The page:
Farmers Market regular Zehra Kapasi is a familiar presence to marketgoers. She owns and operates Rose Best, an all-natural hygiene products startup specializing in homemade soap, lip balm, body butter, facial scrubs and more.
Kapasi, who lives in Farmington Hills, has been a vendor at the market for 11 years. In that time, she has bonded with shoppers and fellow vendors, growing a base of loyal customers and friends. And even though this summer she wears a mask just like everyone else, she is easy to identify, thanks to her vibrant traditional dress. Kapasi is a member of the Dawoodi Bohra community of 130 Muslim families living in Metro Detroit.
A psychologist by trade, Kapasi has always believed that hygiene should never be a barrier in addressing mental and physical health. With COVID-19, she saw an increase in that very need to wash hands and maintain physical and mental health. But hygiene does not top the priority list for populations struggling to meet basic needs.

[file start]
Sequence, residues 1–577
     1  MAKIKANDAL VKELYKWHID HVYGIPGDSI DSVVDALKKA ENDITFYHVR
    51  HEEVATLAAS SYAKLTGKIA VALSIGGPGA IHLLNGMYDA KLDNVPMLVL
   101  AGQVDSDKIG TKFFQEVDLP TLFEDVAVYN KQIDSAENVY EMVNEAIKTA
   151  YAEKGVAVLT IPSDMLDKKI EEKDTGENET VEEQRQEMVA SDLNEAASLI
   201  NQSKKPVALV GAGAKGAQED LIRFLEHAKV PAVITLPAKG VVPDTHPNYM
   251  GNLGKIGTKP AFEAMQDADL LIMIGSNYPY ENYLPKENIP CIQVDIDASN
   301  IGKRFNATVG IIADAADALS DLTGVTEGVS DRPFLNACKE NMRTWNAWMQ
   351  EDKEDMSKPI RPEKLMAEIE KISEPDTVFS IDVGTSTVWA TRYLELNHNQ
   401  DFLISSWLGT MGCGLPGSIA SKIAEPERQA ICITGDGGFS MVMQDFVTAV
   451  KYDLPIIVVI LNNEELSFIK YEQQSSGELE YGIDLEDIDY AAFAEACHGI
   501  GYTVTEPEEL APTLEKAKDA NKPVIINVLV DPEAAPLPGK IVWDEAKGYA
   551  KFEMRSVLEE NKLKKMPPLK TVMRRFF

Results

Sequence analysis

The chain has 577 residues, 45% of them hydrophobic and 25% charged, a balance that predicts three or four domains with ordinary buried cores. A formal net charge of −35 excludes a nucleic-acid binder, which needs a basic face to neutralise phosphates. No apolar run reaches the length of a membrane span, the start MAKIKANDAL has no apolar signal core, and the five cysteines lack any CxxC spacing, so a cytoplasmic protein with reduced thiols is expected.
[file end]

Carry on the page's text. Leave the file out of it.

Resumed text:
“That’s why Rose Best has already donated 90 soaps for kids and families in local homeless shelters, with another 70 ready for donation,” said Kapasi. “We donate 5 percent of proceeds right back into the community in the form of soap. I am hoping to donate 1,000 soaps this year.”
Kapasi first started making soap in 1998 as a way to relax and connect with mind, body and soul. In an effort to broaden her scope, she started researching how to make other products like body butter and lip balms without alcohol. Last summer she demonstrated her soap-making technique at the market.
These days she devotes most of her time to Rose Best. It is most gratifying for her as she works hard to reinvest in the community in which she lives.